Tigo Energy will get approximately 75 percent of its sales in 2011 from commercial and large-scale solar projects, a shift that underscores the rapid growth in the market for solar electronics.

To date, Tigo’s technology -- which can boost the power output of solar arrays by 6 percent to 12 percent -- has largely been incorporated into residential solar arrays. Approximately 70,000 homes to date sport Tigo’s tech.

This year, the company will participate in six- and ten-megawatt-sized projects. Expect to see it involved in 500- and 600-kilowatt commercial arrays, too.

“It will be a much bigger part of our mix,” said Jeff Krisa, vice president of sales and marketing. “We know the cost argument works on these kinds of projects.

“One 500-kilowatt system equals a lot of residential ones,” he added.

Tigo will also drop the cost of some of its components by 33 percent to 50 percent through better integration with solar panels.  

Solar electronics vendors like Tigo, SolarBridge, Azuray, National Semiconductor Petra Solar and Enphase Energy share a common goal: to wring out inefficiencies in conventional solar arrays.  Where they differ is how they accomplish that goal. The cost, benefits, flaws and strengths of each approach will likely be a hot topic in solar over the next two years.

Mergers, acquisitions and strategic partnerships with large panel makers will also likely occur and determine winners and losers. We will talk quite a bit about this at the Networked Solar Conference taking place January 25 and 26.

Tigo’s technology essentially deceives the inverter through two components: its solar Maximizer, which gets clipped to the back of a solar panel, and the Maximizer Monitoring Unit, a centralized computer that communicates with the Maximizer.

Solar inverters are designed to accept power from a string of panels at a single current level. As a result, dirt, shade, clouds or a hardware malfunction that curbs the output of one panel brings down the output of the whole string.

“Generally, 20 percent of the panels are the weak ones,” said Krisa.

Energy that better performing panels produce but can’t deliver through the inverter instead gets dissipated as heat. (Microinverters like those from Enphase eliminate the mismatch problem by giving each panel its own inverter.)

Tigo captures data on the current, voltage and temperature of individual solar panels. The Maximizer Management Unit then ranks them by optimal performance by examining their impedance, or overall resistance. It then sets the inverter to the current from the maximum performing panel.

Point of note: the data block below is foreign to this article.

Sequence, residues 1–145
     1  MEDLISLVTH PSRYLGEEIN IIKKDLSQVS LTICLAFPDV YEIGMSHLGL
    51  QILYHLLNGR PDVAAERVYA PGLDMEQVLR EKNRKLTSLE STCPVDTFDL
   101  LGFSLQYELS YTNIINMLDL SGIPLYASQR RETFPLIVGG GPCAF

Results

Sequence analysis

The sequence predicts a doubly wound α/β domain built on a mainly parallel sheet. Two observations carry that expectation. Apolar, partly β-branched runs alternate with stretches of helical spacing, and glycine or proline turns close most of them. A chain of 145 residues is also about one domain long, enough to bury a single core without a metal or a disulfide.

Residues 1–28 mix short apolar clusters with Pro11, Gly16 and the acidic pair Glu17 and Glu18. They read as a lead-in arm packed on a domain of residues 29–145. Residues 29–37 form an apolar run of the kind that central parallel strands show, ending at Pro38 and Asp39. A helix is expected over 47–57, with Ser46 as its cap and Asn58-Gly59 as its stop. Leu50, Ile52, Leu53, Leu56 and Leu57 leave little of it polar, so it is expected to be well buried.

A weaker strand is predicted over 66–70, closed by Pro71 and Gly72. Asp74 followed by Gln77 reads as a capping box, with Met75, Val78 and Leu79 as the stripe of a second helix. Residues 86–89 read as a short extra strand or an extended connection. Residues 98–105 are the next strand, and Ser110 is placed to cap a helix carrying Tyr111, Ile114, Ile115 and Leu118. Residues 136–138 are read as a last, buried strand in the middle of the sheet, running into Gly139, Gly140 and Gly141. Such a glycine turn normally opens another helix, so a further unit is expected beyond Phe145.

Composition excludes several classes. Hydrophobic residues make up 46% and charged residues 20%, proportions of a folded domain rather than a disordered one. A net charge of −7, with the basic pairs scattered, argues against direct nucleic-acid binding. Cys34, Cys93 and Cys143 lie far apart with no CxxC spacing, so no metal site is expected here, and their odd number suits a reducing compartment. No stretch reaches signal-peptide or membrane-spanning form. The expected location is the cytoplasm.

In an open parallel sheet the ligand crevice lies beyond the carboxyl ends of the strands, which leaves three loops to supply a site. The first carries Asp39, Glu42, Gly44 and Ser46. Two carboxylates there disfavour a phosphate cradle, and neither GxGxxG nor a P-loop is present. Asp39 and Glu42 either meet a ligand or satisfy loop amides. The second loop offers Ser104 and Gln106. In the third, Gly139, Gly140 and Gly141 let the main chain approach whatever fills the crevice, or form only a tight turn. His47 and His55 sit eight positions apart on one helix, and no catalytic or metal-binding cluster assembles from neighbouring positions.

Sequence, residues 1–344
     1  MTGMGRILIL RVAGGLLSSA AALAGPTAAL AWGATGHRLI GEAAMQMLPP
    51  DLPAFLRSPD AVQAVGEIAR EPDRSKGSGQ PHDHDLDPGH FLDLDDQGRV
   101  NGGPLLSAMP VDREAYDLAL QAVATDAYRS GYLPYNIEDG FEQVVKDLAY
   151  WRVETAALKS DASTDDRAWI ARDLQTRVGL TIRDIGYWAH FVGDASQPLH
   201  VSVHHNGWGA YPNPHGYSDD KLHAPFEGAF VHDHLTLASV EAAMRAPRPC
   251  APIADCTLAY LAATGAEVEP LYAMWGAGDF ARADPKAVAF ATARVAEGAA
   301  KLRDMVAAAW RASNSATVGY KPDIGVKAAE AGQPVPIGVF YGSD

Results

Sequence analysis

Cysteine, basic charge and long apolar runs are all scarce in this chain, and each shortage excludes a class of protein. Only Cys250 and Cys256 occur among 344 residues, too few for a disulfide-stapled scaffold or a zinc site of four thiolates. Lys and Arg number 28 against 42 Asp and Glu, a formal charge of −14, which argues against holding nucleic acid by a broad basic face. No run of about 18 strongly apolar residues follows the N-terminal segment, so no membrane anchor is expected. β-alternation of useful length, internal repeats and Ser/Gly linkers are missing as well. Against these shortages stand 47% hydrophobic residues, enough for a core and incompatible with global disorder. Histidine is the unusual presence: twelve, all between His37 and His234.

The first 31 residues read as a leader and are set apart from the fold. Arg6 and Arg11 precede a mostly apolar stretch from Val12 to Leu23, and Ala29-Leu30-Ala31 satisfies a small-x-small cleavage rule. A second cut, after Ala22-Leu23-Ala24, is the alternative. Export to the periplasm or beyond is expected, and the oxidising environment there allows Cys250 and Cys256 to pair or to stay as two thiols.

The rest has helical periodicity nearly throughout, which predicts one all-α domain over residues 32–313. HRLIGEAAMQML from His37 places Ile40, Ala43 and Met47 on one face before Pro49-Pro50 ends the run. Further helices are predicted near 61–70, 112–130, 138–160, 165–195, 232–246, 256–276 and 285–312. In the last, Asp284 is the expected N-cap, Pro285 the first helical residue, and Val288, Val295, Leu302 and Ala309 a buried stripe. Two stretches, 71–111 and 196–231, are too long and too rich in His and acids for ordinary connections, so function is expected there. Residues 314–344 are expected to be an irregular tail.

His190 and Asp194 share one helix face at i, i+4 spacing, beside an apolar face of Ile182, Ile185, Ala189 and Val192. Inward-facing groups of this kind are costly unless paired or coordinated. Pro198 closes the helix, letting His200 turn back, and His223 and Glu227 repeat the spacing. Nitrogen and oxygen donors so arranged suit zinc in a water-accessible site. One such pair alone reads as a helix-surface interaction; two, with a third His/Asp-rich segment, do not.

Panels performing at a sub-optimal level would generally force the inverter to revert to a lower level. Instead, Tigo routes the power from these panels through the Maximizer, which tunes voltage and current output to make the performance appear similar to the top panel. Put another way, the low-performing panel gets virtually re-sized rather than the other way around.

“The string’s influence on the panel is no longer there,” Krisa said.

Tigo’s system works at a 99.6 percent efficiency level; thus, little of the energy harvested gets consumed by the Maximizers. Under its own tests, Tigo has found it can boost power output by 6 percent under optimal conditions for solar panels (e.g., midday, June, cloudless sky, well-designed solar array) and 8 percent to 12 percent in more ordinary conditions.

The cost of the Maximizers comes to around 16 to 17 cents per watt on a big array, which makes the cost of the Maximizers and a standard inverter (20 cents or less per watt for that) cheaper than a microinverter, Krisa argues.  The technology requires fewer components than microinverters, he argued.

The cost will drop later this year with integrated Maximizers. Right now, the Maximizer comes separately and is attached to a solar panel by an installer. Suntech and others are looking at common interfaces for maximizing technologies.

“Our total balance of system costs are lower because we can layer onto the cost of a large, central inverter,” he said.

In all, Tigo claims its system pays for itself in two to three years. The company was founded three years ago by ex-Intel and Applied Materials execs who realized that solar had yet to be fully automated.

Tigo also offers an online service that helps pinpoint failing solar panels.

Enphase and other maximization companies, of course, disagree and point to data on reliability and cost benefits of their own. MJ Shiao at GTM Research notes that DC maximization can cost less because of lower component counts, but you also have to factor in installation, familiarity and other issues. The circumstances can dictate which technology is cheapest.

Over the next two years, this should be an interesting ride.